Surface Water Filtration and Groundwater Under the Influence Investigations

contaminated spring water, bottled water, groundwater under the influence, microscopic particulate analysis   direct filtration, pilot filter testing evaluation, slow sand filters, diatomaceous earth, pall filter, cartridge filters

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During the past 15 years giardiasis and cryptosproridiosis has been recognized as one of the most frequently occurring waterborne diseases in the United States.

The occurrence and detection of this parasite and drinking water source identification and protection has become a matter of urgent concern to those responsible for water utility operation in endemic areas.   Because of these concerns the Surface Water Filtration Rule was established and protocols were developed for determining if a source was characterized as surface water, groundwater, or groundwater under the influence of source water. As part of the Surface Water Filtration Rule all community water supplies identified as surface water require a minimum of filtration rather than just disinfection prior to consumption. The Surface Water Filtration Rule has lead to the development of a protocol to evaluate the performance of filtration plants. The protocol is similar to the method used for the Groundwater Under the Influence Investigations, except the risk rankings and interpretations are based on a combination of the system configuration, source water quality, degree of particle reduction, and distribution of particles.

Since as the Director for the Center for Environmental Quality has conducted research in pilot filtration plant performance and optimization, the laboratory has been involved in the evaluation of a number of bench-scale, pilot, and full-scale filtration plants in Pennsylvania, New York, and New Jersey.   The laboratory Director has worked on projects using diatomaceous earth filtration, slow sand filtration, direct filtration, submicron filters, cartridge filters and upflow filtration systems.   In addition, we have conducted bench scale and pilot scale experiments to assist in optimization of pretreatment process and filtration of water supplies and has developed protocols and conducting testing to assist in the development of solid flux loadings for secondary clarifiers for a wastewater applications and living filtration systems for on-site wastewater disposal systems.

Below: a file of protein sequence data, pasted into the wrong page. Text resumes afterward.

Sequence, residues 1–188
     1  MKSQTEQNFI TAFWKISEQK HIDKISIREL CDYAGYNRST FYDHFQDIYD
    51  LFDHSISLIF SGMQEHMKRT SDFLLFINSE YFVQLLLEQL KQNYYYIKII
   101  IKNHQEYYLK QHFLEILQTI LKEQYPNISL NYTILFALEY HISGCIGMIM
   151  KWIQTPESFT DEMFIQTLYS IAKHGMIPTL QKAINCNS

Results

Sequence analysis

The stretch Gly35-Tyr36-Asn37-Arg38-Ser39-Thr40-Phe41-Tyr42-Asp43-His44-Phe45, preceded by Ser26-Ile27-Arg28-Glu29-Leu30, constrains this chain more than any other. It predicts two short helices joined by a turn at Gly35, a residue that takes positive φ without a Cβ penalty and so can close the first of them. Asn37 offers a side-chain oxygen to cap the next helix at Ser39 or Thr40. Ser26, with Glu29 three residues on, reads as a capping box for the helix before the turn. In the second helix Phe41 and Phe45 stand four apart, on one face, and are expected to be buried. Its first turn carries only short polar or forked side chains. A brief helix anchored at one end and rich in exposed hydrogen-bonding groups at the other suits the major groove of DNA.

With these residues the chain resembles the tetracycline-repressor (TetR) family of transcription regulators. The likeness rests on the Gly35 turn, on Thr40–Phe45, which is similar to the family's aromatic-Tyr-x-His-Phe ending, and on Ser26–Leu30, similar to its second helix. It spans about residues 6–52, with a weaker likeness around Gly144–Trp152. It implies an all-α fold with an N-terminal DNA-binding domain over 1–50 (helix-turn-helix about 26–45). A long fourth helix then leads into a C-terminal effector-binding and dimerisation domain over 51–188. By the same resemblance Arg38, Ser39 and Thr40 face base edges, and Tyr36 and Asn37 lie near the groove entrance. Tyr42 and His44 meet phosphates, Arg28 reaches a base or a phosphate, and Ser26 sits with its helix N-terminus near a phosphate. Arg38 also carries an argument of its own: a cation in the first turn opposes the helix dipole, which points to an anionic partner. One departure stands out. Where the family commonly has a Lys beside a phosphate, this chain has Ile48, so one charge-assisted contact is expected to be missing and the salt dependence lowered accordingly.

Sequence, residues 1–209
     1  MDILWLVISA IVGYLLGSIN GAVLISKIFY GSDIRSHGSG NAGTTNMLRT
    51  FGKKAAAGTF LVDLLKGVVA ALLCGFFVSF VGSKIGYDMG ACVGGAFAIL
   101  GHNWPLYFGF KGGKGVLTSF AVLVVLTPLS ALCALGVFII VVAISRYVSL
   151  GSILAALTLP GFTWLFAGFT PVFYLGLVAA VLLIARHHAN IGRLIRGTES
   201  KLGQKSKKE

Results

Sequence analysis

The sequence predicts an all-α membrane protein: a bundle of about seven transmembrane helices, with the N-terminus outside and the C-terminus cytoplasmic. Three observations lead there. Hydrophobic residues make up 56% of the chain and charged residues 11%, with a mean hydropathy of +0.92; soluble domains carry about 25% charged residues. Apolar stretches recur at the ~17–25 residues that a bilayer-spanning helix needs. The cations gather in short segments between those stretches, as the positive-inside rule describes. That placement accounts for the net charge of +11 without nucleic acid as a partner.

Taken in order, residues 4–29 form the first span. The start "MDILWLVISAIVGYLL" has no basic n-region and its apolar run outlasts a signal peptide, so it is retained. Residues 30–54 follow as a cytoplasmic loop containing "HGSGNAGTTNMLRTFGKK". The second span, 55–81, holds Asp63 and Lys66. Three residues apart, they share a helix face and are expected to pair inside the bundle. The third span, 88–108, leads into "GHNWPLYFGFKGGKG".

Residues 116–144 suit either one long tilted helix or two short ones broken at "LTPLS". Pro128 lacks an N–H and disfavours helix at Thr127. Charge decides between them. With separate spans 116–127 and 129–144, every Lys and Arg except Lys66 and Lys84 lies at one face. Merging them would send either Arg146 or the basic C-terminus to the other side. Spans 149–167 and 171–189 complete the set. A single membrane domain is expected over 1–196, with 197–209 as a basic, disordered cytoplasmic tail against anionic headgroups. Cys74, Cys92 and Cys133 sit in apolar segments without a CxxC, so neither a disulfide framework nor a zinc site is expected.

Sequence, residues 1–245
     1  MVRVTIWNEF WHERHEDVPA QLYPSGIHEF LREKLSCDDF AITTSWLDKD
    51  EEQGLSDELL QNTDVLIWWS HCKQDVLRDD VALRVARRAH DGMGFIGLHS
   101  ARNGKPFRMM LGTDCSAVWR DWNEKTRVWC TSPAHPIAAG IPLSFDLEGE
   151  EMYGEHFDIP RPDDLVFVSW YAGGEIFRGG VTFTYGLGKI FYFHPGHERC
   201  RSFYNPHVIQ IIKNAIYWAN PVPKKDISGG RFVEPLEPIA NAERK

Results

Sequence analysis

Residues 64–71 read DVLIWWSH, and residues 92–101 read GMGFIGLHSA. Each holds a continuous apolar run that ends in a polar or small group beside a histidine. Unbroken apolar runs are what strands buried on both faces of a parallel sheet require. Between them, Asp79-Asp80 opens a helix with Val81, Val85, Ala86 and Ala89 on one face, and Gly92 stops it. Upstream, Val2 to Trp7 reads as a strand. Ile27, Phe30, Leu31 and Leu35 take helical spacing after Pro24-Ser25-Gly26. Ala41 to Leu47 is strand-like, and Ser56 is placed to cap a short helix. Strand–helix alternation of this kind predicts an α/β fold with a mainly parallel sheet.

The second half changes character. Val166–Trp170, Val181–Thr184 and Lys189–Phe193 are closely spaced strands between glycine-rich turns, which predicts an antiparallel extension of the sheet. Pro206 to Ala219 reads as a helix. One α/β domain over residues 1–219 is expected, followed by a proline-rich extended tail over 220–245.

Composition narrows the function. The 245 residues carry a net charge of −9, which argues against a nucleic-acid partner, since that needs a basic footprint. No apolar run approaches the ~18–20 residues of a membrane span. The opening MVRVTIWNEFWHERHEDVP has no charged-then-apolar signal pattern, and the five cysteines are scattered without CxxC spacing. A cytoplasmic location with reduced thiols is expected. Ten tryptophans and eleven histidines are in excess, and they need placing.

Microscopic Evaluation Technique for Filtration Plant Performance

The purpose of this procedure is to evaluate the performance of public water supply filtration systems. A minimum of 300 gallons of both raw and finished water should be collected. The evaluation is based on the filtration plants ability to remove Giardia sized and larger particles. In addition to the MET evaluation, the evaluator should also consider the operational conditions of the plant, physical condition of the plant/ raw water, and effluent quality of the finished water.

Each analysis culminates in a filtration performance rating which reflects the overall effluent quality. The rating is always accompanied by an explanation which details the justification of the assessment. Filtration Plants with Excellent and Good ratings are reported as "Acceptable Filtration Performance". Filter which are rated Questionable or Poor are reported as "Unacceptable Filtration Performance".

The amounts of each of several specific groups of particulate matter and microorganisms are recorded. These groups include: small particulate debris, large particulate debris, cellular plant debris, diatoms, and other algae, protozoa, insects and crustaceans, nematodes, and rotifers. Also, pollen grains, Giardia, and other parasitic protozoa should be noted.

No of Specific Particles in a Category
Avg. Field at 100x

None  0
Rare  1 - 50
++  Few  51 - 100
++++ Moderate > 200


Excellent- These systems remove essentially all of the Giardia sized debris and that which is much smaller. There is no evidence of turbidity breakthrough to indicate any risk for Giardia contamination of the effluent and 300 gallons of effluent can be observed in a single sample without any Giardia sized particles reaching the rare level (+).

Good-300 gallons of effluent can be observed in a single subsample without significant amounts of Giardia sized particles present, i.e., the levels of diatoms, algae, and protozoa remain a the few (++) level.

Questionable-Giardia sized particles are at the moderate (+++) level in samples which represent 300 gallons of effluent. These systems have filtration which does not provide the obvious assurance for Giardia removal as in the above two ratings. It is not possible to comfortably predict the potential for Giardia breakthrough with this result.  Facility evaluations rely heavily on information obtained in the operations survey.

Poor-These systems are unable to remove Giardia sized particles and are therefore vulnerable for Giardia passage through the facility. Subsamples represent 300 gallons of effluent, and Giardia sized debris is in the moderated (+++) to many (++++) range. Operational changes are required to improve the effluent quality. The facility must be reevaluated to determine whether correction of the problem was achieved. Corrections must be performed within a reasonable time period and public notified if the potential for Giardia contamination remains.

Advanced Stormwater Design